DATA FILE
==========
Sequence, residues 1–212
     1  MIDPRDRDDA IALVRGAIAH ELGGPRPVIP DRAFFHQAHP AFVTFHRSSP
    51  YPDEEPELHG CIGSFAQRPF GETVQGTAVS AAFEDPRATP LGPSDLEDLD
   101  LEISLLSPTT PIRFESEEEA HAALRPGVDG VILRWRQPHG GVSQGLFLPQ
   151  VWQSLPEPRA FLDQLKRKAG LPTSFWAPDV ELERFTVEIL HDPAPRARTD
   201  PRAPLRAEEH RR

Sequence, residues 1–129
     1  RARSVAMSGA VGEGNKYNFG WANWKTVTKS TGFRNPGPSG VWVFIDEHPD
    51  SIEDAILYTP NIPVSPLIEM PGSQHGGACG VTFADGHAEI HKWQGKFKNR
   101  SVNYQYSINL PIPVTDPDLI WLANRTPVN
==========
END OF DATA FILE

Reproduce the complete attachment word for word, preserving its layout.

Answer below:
Sequence, residues 1–212
     1  MIDPRDRDDA IALVRGAIAH ELGGPRPVIP DRAFFHQAHP AFVTFHRSSP
    51  YPDEEPELHG CIGSFAQRPF GETVQGTAVS AAFEDPRATP LGPSDLEDLD
   101  LEISLLSPTT PIRFESEEEA HAALRPGVDG VILRWRQPHG GVSQGLFLPQ
   151  VWQSLPEPRA FLDQLKRKAG LPTSFWAPDV ELERFTVEIL HDPAPRARTD
   201  PRAPLRAEEH RR

Sequence, residues 1–129
     1  RARSVAMSGA VGEGNKYNFG WANWKTVTKS TGFRNPGPSG VWVFIDEHPD
    51  SIEDAILYTP NIPVSPLIEM PGSQHGGACG VTFADGHAEI HKWQGKFKNR
   101  SVNYQYSINL PIPVTDPDLI WLANRTPVN